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According to its description, pandoc can convert between: markdown and (subsets of) reStructuredText, HTML, and LaTeX; and it can write plain text, markdown, reStructuredText, HTML, LaTeX, ConTeXt, RTF, DocBook XML, OpenDocument XML, ODT, GNU Texinfo, MediaWiki markup, groff man pages, and S5 HTML slide shows. It will happily convert ...


7

Markdown is quite limited when it comes to logical markup. It lacks the necessary structural elements like “sender”, “receiver” etc. I think it's not possible to create letters solely in markdown. A solution would be to use a pre-processor like gpp to create a logical markup which translates into different structural elements of the final format. There's a ...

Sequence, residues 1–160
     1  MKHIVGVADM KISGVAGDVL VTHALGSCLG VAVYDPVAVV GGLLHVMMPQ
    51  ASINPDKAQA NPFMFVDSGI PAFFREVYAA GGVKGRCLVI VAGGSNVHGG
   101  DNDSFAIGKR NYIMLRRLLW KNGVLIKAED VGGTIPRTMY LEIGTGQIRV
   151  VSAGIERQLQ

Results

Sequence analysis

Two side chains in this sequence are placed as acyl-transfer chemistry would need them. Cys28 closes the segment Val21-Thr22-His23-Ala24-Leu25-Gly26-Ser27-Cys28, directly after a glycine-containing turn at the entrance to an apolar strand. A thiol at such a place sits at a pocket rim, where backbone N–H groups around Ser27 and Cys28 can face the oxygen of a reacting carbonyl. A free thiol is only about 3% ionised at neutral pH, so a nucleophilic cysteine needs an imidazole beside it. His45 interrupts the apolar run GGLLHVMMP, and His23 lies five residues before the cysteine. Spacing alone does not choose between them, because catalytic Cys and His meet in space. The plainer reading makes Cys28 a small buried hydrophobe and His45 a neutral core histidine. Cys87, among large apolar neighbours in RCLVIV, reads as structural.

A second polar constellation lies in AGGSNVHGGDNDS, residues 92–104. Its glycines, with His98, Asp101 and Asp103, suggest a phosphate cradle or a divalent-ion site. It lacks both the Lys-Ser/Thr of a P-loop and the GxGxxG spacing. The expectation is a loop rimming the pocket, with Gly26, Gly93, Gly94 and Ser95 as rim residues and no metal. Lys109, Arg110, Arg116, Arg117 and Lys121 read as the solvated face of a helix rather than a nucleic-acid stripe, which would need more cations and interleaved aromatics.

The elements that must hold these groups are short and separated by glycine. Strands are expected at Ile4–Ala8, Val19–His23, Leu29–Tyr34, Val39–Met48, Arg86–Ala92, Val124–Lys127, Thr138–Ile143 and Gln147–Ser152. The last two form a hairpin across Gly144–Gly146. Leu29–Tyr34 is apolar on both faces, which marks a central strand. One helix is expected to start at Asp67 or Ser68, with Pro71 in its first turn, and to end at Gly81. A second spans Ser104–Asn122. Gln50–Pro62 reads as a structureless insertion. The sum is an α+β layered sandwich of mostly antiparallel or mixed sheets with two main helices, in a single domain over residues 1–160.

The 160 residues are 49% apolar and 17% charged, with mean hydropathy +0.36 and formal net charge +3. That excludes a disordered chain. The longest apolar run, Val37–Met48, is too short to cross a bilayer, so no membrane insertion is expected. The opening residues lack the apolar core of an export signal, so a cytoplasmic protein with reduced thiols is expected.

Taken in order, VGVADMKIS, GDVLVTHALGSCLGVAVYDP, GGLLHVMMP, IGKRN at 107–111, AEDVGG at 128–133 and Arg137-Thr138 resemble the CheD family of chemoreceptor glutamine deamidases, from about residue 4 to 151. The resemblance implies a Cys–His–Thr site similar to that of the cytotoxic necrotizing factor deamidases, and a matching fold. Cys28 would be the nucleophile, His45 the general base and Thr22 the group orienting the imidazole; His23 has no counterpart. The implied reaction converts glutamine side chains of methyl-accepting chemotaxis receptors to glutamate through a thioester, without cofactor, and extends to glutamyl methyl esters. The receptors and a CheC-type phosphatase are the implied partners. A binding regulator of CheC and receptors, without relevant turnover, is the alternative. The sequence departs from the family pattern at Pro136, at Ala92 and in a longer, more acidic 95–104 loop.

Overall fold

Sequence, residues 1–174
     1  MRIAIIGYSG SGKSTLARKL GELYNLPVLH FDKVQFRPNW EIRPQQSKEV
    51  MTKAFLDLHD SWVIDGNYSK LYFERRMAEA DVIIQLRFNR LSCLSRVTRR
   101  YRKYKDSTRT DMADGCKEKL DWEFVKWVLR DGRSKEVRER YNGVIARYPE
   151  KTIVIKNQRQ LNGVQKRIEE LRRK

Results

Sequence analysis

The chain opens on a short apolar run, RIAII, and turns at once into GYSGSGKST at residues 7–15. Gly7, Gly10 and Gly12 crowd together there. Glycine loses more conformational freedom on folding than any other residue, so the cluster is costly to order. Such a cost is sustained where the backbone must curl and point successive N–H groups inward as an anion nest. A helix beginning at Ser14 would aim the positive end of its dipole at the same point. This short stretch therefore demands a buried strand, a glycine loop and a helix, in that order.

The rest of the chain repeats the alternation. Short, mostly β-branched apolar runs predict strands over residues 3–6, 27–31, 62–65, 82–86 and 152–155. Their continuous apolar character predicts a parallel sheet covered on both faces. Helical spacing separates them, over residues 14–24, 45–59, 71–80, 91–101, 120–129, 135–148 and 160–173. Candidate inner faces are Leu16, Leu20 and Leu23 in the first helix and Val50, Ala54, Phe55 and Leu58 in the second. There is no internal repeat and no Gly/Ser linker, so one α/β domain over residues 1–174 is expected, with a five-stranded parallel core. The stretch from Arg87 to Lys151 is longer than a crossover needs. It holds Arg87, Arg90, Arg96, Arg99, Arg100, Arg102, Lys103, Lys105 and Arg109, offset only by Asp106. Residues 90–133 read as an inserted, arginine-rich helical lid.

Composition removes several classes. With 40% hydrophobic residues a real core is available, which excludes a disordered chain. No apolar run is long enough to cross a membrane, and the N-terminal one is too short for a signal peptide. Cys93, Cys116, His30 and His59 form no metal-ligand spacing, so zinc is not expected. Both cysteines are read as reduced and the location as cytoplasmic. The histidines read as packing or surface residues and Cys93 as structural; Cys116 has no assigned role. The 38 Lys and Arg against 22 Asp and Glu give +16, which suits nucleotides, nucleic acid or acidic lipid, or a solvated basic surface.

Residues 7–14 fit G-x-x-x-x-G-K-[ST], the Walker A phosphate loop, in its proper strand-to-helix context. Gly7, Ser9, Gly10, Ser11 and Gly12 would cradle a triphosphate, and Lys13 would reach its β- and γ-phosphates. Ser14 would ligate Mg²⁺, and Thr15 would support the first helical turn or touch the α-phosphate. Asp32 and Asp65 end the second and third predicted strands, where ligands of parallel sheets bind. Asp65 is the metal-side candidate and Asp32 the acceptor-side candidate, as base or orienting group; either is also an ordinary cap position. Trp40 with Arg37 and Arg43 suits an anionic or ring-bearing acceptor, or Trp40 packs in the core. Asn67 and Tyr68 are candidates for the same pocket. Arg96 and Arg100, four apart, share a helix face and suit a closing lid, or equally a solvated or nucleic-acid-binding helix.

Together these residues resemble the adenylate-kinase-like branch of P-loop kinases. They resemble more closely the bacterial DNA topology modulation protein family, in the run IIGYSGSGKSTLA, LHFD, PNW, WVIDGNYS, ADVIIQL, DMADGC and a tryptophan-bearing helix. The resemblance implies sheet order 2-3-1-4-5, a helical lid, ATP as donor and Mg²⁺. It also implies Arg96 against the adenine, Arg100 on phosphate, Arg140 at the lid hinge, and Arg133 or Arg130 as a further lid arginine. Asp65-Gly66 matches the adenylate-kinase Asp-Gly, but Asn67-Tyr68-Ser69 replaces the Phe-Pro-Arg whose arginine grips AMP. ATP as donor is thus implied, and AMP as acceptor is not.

2

Pandoc lets you specify both templates and variables. For instance, see the example here: http://pmagwene.github.io/blog/2013/02/07/pandoc-latex-letters/ Paraphrasing that link: you just create the latex template file with your desired letter class, etc, and then add pandoc macros (such as $title$ or $body$) to include the variables (defined in the compile ...


2

The problem is in the produced code %%% Title Data \title{\phantomsection% This it the title% \label{this-it-the-title}} that works in article and other classes, but not in memoir because of untimely expansions. A workaround would be persuading rst2latex to put \protect before \phantomsection and \label, but I really don't understand those commands ...



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